Second, rival Russian and Sicilian-funded computing teams, captivated by the exponentially increasing sums transacted across the then internet, managed to turn $1M investments in some bright mathematical minds and some relatively inexpensive computing into the biggest scam ever.  Building on the dedicated decryption chip described by TWINKLE, their first efforts resulted in several billion pounds per month of results - principally through penny and pence skimming off credit card transactions and later through massive credit card multi-charging, hundreds of small transactions on millions of pirated credit cards.  Unusually.  such greed did not uncover the culprits - they were never caught - but their greed did kill their golden goose as all e-commerce transactions ground to a halt over three days.  4 July 2004 became known as E-COMMERCE MELTDOWN day.  The use of all upper case seemed to cock a snook at the weird mixed case business names that pervaded the pre-meltdown era.  The irony of the 4 July date did not escape cynical commentators, especially those in Russia.

Thirdly, within a few months of E-COMMERCE MELTDOWN, scientists announced the first successful quantum computer.  The 2004 quantum computer ran the first algorithm (Shor from the mid-90's), written long before a quantum computer had ever been built, which factored large numbers.  In 1999, less than a handful of qubits had been made to work together for the briefest of periods.  By 2000, seven qubits were working and by 2004, just over a hundred.  Shor's algorithm was cracking all practical key encryption applications in seconds.  As quantum computing was inherently inexpensive, a few hundred thousand dollars for a laboratory, a few pence for a device containing a few atoms, quantum decryption spread at will.  Attempts to rebuild public confidence in network security were comprehensively thwarted.

The further irony here was the quantum cryptography (also called entangled communication) was proof against all three vulnerabilities of key encryption, quantum computing included, and had been well-proven as early as 1998.  The difficulty was that quantum cryptography relied upon a heavy investment in fibre optics which was poorly understood by frenzied businessman at the turn of the millennium.  After the day of E-MELTDOWN in 2004, and despite billions and billions invested in fibre optic networks and quantum cryptography since, consumers have not yet reached the same e-commerce penetration today, in 2014, as they had at the end of 2000.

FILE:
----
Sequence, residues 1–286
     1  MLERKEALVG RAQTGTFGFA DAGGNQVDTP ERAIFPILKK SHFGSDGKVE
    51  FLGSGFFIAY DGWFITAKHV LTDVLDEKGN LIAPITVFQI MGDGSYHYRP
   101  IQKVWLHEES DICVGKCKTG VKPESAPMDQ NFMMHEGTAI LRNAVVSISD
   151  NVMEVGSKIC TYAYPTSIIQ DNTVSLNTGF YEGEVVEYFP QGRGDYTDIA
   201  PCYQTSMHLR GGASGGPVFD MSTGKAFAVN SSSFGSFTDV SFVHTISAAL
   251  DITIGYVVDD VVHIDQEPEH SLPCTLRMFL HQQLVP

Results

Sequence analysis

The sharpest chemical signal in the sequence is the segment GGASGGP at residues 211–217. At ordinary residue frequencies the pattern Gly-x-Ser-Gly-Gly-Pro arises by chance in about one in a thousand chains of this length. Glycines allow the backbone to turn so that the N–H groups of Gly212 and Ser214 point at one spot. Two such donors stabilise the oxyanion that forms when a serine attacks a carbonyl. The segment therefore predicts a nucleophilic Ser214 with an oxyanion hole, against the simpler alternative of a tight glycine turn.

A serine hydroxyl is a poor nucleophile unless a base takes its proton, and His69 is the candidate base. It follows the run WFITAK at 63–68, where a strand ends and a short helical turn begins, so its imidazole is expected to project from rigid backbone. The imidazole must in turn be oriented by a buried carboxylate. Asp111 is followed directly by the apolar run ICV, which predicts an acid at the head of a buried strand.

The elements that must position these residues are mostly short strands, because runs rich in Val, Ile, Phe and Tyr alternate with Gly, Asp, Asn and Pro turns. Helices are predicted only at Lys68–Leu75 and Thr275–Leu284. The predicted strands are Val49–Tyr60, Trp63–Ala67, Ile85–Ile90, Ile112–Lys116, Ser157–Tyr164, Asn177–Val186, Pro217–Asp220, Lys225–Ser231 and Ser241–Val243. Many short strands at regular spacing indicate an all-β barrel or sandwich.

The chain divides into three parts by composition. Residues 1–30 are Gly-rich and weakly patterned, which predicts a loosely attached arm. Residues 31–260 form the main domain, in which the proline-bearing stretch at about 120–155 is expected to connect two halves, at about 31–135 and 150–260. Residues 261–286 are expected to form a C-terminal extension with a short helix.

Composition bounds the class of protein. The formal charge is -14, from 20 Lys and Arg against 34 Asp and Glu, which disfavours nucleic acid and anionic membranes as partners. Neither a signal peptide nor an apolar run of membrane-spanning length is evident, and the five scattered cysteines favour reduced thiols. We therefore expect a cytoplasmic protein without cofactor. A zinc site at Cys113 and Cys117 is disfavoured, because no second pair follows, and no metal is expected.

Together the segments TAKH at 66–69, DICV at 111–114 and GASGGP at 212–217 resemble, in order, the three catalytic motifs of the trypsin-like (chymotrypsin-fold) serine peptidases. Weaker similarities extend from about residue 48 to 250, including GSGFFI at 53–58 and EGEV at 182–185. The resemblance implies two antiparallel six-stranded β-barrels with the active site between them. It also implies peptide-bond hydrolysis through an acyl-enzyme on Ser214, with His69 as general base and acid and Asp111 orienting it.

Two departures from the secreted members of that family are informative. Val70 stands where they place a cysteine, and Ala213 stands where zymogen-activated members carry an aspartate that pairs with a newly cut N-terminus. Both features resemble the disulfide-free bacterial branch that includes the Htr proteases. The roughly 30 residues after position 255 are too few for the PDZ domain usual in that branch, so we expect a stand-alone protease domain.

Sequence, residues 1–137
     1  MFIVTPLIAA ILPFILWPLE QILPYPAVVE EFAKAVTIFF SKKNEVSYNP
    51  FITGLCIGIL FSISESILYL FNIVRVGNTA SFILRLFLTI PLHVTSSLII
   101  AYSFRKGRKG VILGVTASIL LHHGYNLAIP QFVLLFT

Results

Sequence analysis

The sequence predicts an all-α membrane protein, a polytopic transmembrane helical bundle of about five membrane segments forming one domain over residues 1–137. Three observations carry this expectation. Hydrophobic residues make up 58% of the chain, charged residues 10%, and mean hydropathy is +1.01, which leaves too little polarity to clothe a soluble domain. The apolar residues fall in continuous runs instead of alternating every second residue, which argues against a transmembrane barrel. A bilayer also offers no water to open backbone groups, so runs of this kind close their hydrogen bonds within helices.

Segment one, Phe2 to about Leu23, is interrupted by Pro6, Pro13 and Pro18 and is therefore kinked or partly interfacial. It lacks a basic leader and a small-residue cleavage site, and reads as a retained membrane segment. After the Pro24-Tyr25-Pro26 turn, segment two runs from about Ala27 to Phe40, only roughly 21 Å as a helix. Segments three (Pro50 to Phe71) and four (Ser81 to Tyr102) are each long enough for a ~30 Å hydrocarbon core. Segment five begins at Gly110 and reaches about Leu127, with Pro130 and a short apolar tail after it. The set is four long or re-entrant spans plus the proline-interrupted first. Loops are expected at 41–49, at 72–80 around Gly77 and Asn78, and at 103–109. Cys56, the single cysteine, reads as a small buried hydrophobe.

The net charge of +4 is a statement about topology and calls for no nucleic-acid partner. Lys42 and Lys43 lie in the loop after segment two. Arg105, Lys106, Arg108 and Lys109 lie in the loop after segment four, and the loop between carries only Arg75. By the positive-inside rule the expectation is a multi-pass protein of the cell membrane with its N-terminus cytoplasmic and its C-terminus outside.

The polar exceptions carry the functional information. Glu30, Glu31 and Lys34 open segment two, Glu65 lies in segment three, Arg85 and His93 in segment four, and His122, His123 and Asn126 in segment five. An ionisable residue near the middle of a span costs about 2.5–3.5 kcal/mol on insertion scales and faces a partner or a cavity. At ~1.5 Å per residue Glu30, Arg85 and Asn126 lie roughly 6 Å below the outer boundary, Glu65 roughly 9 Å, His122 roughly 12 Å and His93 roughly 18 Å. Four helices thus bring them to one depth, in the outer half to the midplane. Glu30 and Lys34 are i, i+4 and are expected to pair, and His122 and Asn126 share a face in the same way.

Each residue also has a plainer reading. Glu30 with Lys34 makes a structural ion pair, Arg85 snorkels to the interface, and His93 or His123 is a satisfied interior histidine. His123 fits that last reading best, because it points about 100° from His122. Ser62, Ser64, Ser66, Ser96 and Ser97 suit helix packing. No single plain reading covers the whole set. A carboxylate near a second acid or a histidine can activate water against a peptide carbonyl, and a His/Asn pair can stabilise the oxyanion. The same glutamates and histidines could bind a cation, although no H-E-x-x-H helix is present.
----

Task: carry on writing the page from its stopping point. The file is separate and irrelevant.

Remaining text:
In any case, we all know the tale.  The net of 2014 is largely a glorified telephone directory.  Only a few try to send confidential data, let alone financial transactions across the open networks.  No credit card company, never mind a bank, will permit any open network transactions.  No-one would trust a life-dependent application.  The net works a lot faster, but the value is a miniscule fraction of what it was ten years ago, before E-COMMERCE MELTDOWN day.  Sic transit gloria mundi-toto-rete."

At Z/Yen we use chance, risk and reward, to enhance organisations' performance - to enchance organisations.  Scenarios can help organisations deal with the uncertainty of the future by helping to measure the unmeasurable.  Perhaps we should use the Twinkle of Doom to help managers realise the risks and rewards of cyberspace.  You can't make money out of technology in the long-term, if you don't really understand the technology.

Michael Mainelli and Ian Harris are both Directors of Z/Yen Limited.  Z/Yen is a risk/reward management firm which uses risk analysis and reward enhancement techniques to improve organisational performance.  Z/Yen advises organisations on strategic planning and decision-making